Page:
Holiday ‘Teachable Moments’ from Connections Academy

Posted on December 9, 2008 at 4:00 pm

Connections Academy, an online public school, has come up with some great suggestions for using winter season events to help children learn. From baking cookies to talk about measuring and adding to talking about geography on family trips, they have great ideas for making the most of family time. It isn’t about constantly quizzing children or turning every snowball fight into a discussion of physics. It is about keeping both parents and children vitally engaged in observing and assessing the world around them and sharing a love of curiosity and learning. I’d add one more suggestion: thank you notes. Even a preschooler should take some time the day the gift is given to draw a picture and even a first grader can write a note of thanks. All children should write thoughtful, specific notes explaining why each gift is especially meaningful to them. That will help them with grammar, spelling, and creative writing as well as with manners, empathy, and kindness. bakingjpg
Here are the suggestions from Connections Academy:
1. Baking Cookies — When cooking or baking, read an age-appropriate recipe together and write an ingredient shopping list. You can look up culinary words in the dictionary (reading, writing, vocabulary). Visit the supermarket and figure out how much the recipe will cost to make (math skill). Prepare the recipe – measuring, counting, pouring, sifting, and sorting target math and fine motor skills. Various cooking techniques, like boiling, even offer an opportunity for a science lesson.
2. Gift Wrapping — When wrapping gifts, you can build math and measuring skills by asking kids to measure gifts with a tape measure or ruler to determine the correct amount of wrapping paper needed.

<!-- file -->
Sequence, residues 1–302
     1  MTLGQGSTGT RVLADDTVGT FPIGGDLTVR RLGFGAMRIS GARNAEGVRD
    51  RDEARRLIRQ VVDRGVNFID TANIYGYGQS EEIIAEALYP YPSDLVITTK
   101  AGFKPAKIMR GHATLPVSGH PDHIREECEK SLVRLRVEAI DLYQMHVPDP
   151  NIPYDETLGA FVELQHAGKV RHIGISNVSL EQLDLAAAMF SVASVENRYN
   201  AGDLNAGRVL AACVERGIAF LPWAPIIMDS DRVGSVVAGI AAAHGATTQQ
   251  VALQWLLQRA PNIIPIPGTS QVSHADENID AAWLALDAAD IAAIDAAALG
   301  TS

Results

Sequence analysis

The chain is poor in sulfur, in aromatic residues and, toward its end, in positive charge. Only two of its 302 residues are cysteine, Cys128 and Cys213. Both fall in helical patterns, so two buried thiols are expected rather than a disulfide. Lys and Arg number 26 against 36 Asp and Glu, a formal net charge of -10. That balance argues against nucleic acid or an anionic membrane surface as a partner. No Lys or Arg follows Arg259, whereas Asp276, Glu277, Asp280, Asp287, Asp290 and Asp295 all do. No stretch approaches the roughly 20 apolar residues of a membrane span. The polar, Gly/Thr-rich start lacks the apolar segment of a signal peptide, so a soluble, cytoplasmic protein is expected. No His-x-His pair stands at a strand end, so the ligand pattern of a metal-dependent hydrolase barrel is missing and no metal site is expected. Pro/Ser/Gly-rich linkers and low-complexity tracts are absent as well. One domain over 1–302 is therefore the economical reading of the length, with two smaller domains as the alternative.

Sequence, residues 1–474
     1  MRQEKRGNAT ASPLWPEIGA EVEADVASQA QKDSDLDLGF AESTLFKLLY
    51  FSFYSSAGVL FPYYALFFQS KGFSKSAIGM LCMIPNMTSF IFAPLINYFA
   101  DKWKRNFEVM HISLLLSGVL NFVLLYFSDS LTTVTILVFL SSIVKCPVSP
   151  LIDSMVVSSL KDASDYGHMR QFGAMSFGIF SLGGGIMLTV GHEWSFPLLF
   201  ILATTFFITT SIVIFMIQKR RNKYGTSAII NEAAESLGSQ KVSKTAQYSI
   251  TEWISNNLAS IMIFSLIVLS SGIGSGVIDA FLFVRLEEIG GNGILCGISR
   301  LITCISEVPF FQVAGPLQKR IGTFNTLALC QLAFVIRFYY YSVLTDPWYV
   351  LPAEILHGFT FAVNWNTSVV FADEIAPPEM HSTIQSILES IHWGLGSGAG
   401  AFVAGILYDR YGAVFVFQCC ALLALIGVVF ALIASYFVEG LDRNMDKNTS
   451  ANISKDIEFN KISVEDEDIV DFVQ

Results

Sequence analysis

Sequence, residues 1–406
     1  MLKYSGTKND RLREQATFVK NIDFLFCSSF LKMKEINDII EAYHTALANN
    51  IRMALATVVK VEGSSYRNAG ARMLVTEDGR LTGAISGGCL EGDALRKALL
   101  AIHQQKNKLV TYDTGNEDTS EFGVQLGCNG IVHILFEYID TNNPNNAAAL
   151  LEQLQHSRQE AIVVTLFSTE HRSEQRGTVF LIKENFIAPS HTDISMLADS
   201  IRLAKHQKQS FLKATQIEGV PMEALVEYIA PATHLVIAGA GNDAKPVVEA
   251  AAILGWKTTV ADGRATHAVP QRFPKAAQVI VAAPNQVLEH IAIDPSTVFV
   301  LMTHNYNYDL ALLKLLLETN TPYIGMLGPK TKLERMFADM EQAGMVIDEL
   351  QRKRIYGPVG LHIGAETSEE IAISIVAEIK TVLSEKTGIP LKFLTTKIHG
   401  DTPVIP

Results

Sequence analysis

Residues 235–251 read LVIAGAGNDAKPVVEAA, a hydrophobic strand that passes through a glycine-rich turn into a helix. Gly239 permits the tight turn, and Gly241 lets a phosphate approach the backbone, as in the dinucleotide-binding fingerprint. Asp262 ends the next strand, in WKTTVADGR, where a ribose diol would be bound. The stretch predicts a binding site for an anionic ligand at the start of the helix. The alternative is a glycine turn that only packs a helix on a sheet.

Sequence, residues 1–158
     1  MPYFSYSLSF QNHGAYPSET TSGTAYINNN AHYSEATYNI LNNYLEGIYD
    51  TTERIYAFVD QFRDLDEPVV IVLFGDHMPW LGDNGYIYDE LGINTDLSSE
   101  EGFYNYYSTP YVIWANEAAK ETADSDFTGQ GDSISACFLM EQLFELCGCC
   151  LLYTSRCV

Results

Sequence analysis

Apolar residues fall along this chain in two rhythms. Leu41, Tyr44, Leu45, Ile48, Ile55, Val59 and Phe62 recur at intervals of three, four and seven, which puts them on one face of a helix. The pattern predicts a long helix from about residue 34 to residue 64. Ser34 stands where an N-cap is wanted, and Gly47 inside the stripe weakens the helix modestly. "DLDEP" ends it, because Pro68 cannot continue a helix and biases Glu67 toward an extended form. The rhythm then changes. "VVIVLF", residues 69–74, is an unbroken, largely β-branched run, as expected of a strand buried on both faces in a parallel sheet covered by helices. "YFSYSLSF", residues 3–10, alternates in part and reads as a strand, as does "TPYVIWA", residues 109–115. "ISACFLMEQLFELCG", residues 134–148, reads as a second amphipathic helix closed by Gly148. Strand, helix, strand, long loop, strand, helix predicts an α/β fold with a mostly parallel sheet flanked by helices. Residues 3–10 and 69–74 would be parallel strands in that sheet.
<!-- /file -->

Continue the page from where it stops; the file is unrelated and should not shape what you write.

3. Holiday Greeting Cards — When sending holiday cards, you can promote writing skills by encouraging children to help. Winter break is a great time to write letters to friends, grandparents and others.
4. Shopping – Ask your children to help you count the number of recipients on your family’s gift list. Brainstorm creative gift ideas – especially for your children’s teachers. While at the store, ask your child to count the number of items in your basket, or other details like, what color is this? Which is the biggest item? Which looks the heaviest? How many people are left on our shopping list? If you are comfortable discussing prices or budgets with your child, you can also encourage your child to keep running tallies of spending and budget remaining.
5. Decorating Your Home – Whether your family celebrates Christmas, Hannukah or Kwanzaa, you probably have seasonal decorations for your home. Make decorating your home a family affair by giving your children age-appropriate tasks that they’ll enjoy – while they learn. If you have an advent calendar, menorah, or seven candles in a Kwanzaa Kinara, ask kids how many days there are to start, and each day thereafter, ask them how many days are left until the holiday. If you decorate with evergreen garlands, test kids’ math skills by asking them to help you calculate how many feet or yards you’ll need. How many times does the dreidel spin before it stops? If you spin it 10 times, what is the average number of spins?

(more…)

Related Tags:

 

Early Readers Elementary School
THE MOVIE MOM® is a registered trademark of Nell Minow. Use of the mark without express consent from Nell Minow constitutes trademark infringement and unfair competition in violation of federal and state laws. All material © Nell Minow 1995-2020, all rights reserved, and no use or republication is permitted without explicit permission. This site hosts Nell Minow’s Movie Mom® archive, with material that originally appeared on Yahoo! Movies, Beliefnet, and other sources. Much of her new material can be found at Rogerebert.com, Huffington Post, and WheretoWatch. Her books include The Movie Mom’s Guide to Family Movies and 101 Must-See Movie Moments, and she can be heard each week on radio stations across the country.

Website Designed by Max LaZebnik